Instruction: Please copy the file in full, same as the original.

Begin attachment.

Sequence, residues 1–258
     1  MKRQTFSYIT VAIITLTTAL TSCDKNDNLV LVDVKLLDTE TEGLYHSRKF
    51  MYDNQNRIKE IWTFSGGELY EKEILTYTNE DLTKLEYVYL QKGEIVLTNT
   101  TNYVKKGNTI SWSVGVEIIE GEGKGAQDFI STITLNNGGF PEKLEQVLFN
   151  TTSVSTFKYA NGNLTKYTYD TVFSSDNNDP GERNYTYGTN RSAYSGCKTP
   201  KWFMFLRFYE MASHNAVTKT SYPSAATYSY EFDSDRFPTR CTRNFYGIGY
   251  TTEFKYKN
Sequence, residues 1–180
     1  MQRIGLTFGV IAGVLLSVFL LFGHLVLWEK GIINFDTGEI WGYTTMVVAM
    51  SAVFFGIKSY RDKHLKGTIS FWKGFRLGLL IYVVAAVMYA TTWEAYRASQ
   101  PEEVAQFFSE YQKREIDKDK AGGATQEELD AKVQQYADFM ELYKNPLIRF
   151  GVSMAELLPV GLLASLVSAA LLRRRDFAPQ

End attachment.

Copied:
Sequence, residues 1–258
     1  MKRQTFSYIT VAIITLTTAL TSCDKNDNLV LVDVKLLDTE TEGLYHSRKF
    51  MYDNQNRIKE IWTFSGGELY EKEILTYTNE DLTKLEYVYL QKGEIVLTNT
   101  TNYVKKGNTI SWSVGVEIIE GEGKGAQDFI STITLNNGGF PEKLEQVLFN
   151  TTSVSTFKYA NGNLTKYTYD TVFSSDNNDP GERNYTYGTN RSAYSGCKTP
   201  KWFMFLRFYE MASHNAVTKT SYPSAATYSY EFDSDRFPTR CTRNFYGIGY
   251  TTEFKYKN
Sequence, residues 1–180
     1  MQRIGLTFGV IAGVLLSVFL LFGHLVLWEK GIINFDTGEI WGYTTMVVAM
    51  SAVFFGIKSY RDKHLKGTIS FWKGFRLGLL IYVVAAVMYA TTWEAYRASQ
   101  PEEVAQFFSE YQKREIDKDK AGGATQEELD AKVQQYADFM ELYKNPLIRF
   151  GVSMAELLPV GLLASLVSAA LLRRRDFAPQ